The real estate market in the eight-county Philadelphia region thawed its way out of a disappointing winter and into a sunnier spring in 2014′s second quarter, but sales still lagged the same period of a more hopeful 2013.
Using data from the Trend Multiple Listing Service, the Berkshire Hathaway Home Services Fox & Roach HomExpert Market Report shows second-quarter sales regionwide running 6.6 percent below the same period in 2013 – 14,795 vs. 15,844.
Year over year, prices were basically flat, the report indicates, with the average price just 0.3 percent higher than in March to June 2013 – $264,842 compared with $264,000.
Median price – half the homes sold for more, half for less – was just 0.5 percent higher, $221,000 in this year’s second quarter vs. $220,000 last year.
Joseph Scott McArdle, a BHHS Fox & Roach agent who focuses on the Chester County market, said the second quarter was “filled with ‘make up for lost time.’ ”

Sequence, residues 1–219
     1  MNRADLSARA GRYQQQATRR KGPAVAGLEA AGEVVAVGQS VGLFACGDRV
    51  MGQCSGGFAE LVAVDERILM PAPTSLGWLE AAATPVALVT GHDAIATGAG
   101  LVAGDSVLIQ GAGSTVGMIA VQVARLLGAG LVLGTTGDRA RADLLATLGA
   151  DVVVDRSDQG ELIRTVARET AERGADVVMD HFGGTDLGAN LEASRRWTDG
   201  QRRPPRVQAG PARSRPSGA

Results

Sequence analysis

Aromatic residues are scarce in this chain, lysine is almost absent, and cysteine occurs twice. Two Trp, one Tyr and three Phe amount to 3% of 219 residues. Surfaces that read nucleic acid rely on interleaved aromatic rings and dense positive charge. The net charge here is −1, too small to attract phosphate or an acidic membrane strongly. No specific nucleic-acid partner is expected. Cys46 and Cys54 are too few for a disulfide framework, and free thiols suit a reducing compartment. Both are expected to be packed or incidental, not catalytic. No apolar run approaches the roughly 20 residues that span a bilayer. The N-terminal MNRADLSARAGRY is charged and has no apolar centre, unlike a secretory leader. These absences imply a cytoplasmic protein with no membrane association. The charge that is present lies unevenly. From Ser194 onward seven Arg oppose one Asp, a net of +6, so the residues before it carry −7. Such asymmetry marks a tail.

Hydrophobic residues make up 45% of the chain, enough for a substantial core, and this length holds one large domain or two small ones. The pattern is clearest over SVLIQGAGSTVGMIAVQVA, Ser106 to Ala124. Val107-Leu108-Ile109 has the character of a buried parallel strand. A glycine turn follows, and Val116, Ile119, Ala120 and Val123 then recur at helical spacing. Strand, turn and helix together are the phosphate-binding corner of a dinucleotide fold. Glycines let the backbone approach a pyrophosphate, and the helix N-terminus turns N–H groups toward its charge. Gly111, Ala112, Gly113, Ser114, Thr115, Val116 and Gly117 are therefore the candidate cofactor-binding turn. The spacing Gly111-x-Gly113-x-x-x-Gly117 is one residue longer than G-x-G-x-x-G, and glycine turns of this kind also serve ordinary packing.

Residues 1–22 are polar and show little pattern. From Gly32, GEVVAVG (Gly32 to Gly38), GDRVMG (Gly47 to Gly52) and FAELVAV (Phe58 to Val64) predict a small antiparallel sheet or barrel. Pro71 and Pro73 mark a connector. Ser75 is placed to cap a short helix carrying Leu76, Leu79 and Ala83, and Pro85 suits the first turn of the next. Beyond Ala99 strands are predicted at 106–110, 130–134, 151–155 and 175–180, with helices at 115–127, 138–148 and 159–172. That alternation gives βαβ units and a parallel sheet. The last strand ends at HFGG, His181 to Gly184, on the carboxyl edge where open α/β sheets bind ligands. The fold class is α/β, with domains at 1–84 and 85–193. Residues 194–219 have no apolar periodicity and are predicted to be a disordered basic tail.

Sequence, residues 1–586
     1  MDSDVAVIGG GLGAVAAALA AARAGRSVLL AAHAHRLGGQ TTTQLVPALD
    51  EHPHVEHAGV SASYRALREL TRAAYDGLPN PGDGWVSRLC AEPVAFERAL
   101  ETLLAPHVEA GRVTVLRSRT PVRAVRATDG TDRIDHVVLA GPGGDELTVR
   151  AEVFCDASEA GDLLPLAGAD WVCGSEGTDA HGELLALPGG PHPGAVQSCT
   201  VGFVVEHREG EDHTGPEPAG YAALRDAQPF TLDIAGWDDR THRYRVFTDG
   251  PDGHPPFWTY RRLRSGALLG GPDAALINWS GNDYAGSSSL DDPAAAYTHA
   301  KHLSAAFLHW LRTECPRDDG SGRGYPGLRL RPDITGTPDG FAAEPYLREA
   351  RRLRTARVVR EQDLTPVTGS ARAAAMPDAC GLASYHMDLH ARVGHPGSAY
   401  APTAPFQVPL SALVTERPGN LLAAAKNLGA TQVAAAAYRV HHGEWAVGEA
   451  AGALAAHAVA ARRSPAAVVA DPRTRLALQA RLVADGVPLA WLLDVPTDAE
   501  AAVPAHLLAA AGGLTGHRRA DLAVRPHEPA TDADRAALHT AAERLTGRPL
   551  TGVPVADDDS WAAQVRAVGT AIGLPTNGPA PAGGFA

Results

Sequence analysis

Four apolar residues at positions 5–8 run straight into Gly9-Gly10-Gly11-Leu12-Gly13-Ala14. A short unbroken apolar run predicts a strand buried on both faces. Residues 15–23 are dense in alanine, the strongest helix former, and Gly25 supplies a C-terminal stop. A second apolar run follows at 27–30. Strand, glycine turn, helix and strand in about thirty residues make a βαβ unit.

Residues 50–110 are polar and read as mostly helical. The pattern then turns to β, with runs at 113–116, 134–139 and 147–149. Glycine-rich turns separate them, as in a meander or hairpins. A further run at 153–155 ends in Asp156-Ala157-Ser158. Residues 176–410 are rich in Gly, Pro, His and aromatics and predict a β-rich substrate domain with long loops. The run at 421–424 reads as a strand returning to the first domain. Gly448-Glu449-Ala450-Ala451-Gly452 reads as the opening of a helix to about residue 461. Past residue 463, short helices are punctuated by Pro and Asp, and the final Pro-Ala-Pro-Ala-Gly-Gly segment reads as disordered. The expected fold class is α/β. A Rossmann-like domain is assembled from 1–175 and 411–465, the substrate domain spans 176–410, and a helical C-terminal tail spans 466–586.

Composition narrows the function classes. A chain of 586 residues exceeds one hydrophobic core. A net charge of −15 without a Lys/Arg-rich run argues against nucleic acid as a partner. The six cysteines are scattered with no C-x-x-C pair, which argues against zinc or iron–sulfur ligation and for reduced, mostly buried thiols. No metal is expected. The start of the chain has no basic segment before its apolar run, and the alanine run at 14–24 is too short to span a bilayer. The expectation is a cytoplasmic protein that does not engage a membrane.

“When the weather finally cooperated, [buyers] seemed to come out in droves,” McArdle said. Among the things he noticed during the second quarter was that “for the first time in seven years, buyers no longer have the fear of continued falling prices.”
Apparently reflecting a more realistic approach by sellers, asking price improved vs. sale price in the second quarter. On average, the data show, sale price was 92 percent to 97 percent of asking price, depending on the number of homes on the market and traditional factors such as location and school district.
The second quarter’s for-sale inventory, 42,014 houses, was about 600 fewer than in the same period last year, the data show – well below normal numbers for the peak spring selling season.
But continuing short supply – which local agents called a major stumbling block to the market’s recovery – resulted in dramatically quicker sales. Average days on market were down 34.5 percent, to 76 days this year from 116 in 2013′s second quarter.
“The recovery, such as it is, remains a highly local phenomenon,” said economist Kevin C. Gillen, senior research consultant at the University of Pennsylvania’s Fels Institute of Government who tracks the area housing market.
“Some segments are racing forward at breakneck speed, while others have been stuck in neutral for several years,” Gillen said. “Until price appreciation and sales activity become more geographically and demographically widespread, we cannot claim the region’s housing market is in full recovery.”
In the second quarter, sales fell in every county but Camden (up 0.6 percent) and Gloucester (up a more solid 4.3 percent), the data show.